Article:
Richard Franklin Lennox Thomas Pryor (December 1, 1940 – December 10, 2005) was an American stand-up comedian, social critic, and actor. He is currently listed at Number 1 on Comedy Central’s list of all-time greatest stand-up comedians.
Pryor was known for uncompromising examinations of racism and topical contemporary issues, which employed colorful vulgarities and profanity, as well as racial epithets.
He reached a broad audience with his trenchant observations and storytelling style. He is widely regarded as one of the most important and influential stand-up comedians of all time: Jerry Seinfeld called Pryor “The Picasso of our profession”, and Bob Newhart has called Pryor “the seminal comedian of the last 50 years”.
This legacy can be attributed, in part, to the unusual degree of intimacy Pryor brought to bear on his comedy. As Bill Cosby reportedly once said, “Richard Pryor drew the line between comedy and tragedy as thin as one could possibly paint it.”
Pryor’s body of work includes the concert movies and recordings: Richard Pryor: Live & Smokin’ (1971), That Nigger’s Crazy (1974), …Is It Something I Said? (1975), Bicentennial Nigger (1976), Richard Pryor: Live in Concert (1979), Richard Pryor: Live on the Sunset Strip (1982), and Richard Pryor: Here and Now (1983).
He also starred in numerous films as an actor, such as Superman III (1983), but was usually in comedies such as Silver Streak (1976), and occasionally in dramatic roles, such as Paul Schrader’s film Blue Collar (1978).
He collaborated on many projects with actor Gene Wilder. Another frequent collaborator was actor/comedian/writer Paul Mooney.
Pryor won an Emmy Award (1973) and five Grammy Awards (1974, 1975, 1976, 1981, and 1982). In 1974, he also won two American Academy of Humor awards and the Writers Guild of America Award. The first ever Kennedy Center Mark Twain Prize for American Humor was presented to him in 1998.
Born on December 1, 1940 in Peoria, Illinois, Pryor grew up in his grandmother’s brothel, where his mother, Gertrude L. (Thomas), practiced prostitution. His father, LeRoy “Buck Carter” Pryor (June 7, 1915 – September 27, 1968), was a former boxer and hustler.
After his alcoholic mother abandoned him when he was 10, Pryor was raised primarily by his grandmother Marie Carter, a tall, violent woman who would beat him for any of his eccentricities.
Pryor was one of four children raised in his grandmother’s brothel and was sexually abused at age seven. He was expelled from school at the age of 14.
His first professional performance was playing drums at a night club. Pryor served in the U.S. Army from 1958 to 1960, but spent virtually the entire stint in an army prison.
According to a 1999 profile about Pryor in The New Yorker, Pryor was incarcerated for an incident that occurred while stationed in Germany.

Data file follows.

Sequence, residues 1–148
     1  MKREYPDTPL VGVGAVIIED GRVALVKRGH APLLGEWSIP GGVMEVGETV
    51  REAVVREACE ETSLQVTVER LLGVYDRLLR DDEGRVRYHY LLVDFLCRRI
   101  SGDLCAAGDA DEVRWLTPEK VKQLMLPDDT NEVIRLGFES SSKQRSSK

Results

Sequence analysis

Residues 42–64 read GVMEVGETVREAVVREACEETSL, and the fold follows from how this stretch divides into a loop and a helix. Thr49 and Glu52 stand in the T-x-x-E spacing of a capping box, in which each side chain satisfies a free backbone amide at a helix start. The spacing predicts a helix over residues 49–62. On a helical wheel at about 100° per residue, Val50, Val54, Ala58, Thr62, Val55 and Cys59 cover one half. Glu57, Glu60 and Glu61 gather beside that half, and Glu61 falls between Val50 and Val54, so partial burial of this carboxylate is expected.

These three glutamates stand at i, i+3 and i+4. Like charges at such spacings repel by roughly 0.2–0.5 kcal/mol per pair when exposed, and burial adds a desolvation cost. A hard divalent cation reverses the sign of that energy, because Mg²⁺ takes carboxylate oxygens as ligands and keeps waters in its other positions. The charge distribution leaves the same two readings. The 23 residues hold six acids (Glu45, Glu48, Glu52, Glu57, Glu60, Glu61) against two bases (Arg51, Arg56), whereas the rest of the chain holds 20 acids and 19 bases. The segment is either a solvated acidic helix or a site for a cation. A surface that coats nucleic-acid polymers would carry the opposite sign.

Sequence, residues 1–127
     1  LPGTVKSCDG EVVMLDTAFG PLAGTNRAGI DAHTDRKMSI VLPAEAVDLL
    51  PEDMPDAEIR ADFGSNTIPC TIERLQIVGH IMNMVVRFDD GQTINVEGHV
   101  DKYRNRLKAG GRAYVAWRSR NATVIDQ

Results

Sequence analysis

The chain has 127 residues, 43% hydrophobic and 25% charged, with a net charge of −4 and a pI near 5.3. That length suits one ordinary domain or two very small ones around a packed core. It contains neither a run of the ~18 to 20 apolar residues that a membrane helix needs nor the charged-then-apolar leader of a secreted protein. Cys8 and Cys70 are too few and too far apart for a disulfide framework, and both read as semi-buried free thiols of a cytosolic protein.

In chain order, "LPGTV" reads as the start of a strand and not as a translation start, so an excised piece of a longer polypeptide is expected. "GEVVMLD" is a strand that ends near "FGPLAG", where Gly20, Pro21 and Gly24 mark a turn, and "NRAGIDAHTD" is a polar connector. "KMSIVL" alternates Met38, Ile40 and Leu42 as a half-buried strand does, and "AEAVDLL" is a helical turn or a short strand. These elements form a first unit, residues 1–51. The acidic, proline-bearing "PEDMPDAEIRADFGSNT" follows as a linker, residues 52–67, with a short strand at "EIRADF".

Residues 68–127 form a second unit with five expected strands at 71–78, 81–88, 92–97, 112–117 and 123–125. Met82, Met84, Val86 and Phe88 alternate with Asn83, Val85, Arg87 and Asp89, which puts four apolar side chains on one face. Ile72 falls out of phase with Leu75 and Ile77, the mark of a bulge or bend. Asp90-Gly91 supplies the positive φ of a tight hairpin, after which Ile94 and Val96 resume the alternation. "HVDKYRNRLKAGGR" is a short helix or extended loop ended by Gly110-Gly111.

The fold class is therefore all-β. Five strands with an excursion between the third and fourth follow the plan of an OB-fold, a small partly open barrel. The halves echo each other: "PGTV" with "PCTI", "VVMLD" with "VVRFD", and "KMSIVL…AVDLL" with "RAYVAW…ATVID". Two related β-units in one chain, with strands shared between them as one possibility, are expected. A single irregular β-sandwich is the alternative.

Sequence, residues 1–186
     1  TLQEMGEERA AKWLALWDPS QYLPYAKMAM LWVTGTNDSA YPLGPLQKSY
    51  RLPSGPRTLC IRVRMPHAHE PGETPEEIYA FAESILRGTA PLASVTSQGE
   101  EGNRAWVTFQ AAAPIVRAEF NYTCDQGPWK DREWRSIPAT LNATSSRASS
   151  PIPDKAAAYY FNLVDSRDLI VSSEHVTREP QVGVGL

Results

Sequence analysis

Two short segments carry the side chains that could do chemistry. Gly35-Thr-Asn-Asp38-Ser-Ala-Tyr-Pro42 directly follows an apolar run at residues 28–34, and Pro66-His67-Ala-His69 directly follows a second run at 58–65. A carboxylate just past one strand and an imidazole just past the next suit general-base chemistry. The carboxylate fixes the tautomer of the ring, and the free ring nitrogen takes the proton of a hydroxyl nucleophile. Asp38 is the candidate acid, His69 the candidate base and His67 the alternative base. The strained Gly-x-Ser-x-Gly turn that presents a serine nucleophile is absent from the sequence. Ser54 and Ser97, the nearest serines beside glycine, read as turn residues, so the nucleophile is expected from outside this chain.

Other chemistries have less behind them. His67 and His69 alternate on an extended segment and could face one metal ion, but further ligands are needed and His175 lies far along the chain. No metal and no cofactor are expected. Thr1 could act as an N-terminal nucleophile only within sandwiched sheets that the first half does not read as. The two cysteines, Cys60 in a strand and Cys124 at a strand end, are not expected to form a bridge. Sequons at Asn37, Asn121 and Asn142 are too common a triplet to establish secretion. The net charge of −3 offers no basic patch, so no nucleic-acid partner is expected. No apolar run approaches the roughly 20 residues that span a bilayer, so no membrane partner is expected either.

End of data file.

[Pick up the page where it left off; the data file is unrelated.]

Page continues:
Angered that a white soldier was overly amused at the racially charged sections of Douglas Sirk’s movie Imitation of Life (1959), Pryor and some other black soldiers beat and stabbed him, though not fatally.
During this time, Pryor’s girlfriend gave birth to a girl named Renee. In 1960, he married Patricia Price, and they had one child together, Richard Jr. They divorced in 1961.
In 1963, Pryor moved to New York City and began performing regularly in clubs alongside performers such as Bob Dylan and Woody Allen. On one of his first nights, he opened for singer and pianist Nina Simone at New York’s Village Gate. Simone recalls Pryor’s bout of performance anxiety:
He shook like he had malaria, he was so nervous. I couldn’t bear to watch him shiver, so I put my arms around him there in the dark and rocked him like a baby until he calmed down. The next night was the same, and the next, and I rocked him each time.
Inspired by Bill Cosby, Pryor began as a middlebrow comic, with material far less controversial than what was to come. Soon, he began appearing regularly on television variety shows, such as The Ed Sullivan Show and The Tonight Show Starring Johnny Carson. His popularity led to success as a comic in Las Vegas.
The first five tracks on the 2005 compilation CD Evolution/Revolution: The Early Years (1966–1974), recorded in 1966 and 1967, capture Pryor in this period.
In September 1967, Pryor had what he described in his autobiography Pryor Convictions (1995) as an “epiphany”. He walked onto the stage at the Aladdin Hotel in Las Vegas (with Dean Martin in the audience), looked at the sold-out crowd, exclaimed over the microphone “What the fuck am I doing here!?”, and walked off the stage.
Afterward, Pryor began working profanity into his act, including the word nigger. His first comedy recording, the eponymous 1968 debut release on the Dove/Reprise label, captures this particular period, tracking the evolution of Pryor’s routine. Around this time, his parents died—his mother in 1967 and his father in 1968.
In 1967, his daughter Elizabeth Ann was born to his girlfriend Maxine Anderson. Later that year, he married Shelley Bonis. In 1969, his daughter Rain Pryor was born. Pryor and Bonis divorced later that year.
Pryor was a Freemason in a lodge in Peoria, Illinois.
In November 1977, after many years of heavy smoking and drinking, Pryor suffered a mild heart attack. He soon recovered and resumed performing again by January following year.
He was diagnosed with multiple sclerosis in 1986. In 1990, Pryor suffered a second and more severe heart attack and underwent triple heart bypass surgery.
On December 10, 2005, Pryor suffered a heart attack in Los Angeles. He was taken to a local hospital after his wife’s attempts to resuscitate him failed. He was pronounced dead at 7:58 a.m. PST. He was 65 years old. His widow Jennifer was quoted as saying, “At the end, there was a smile on his face.”
He was cremated, and his ashes were given to his family.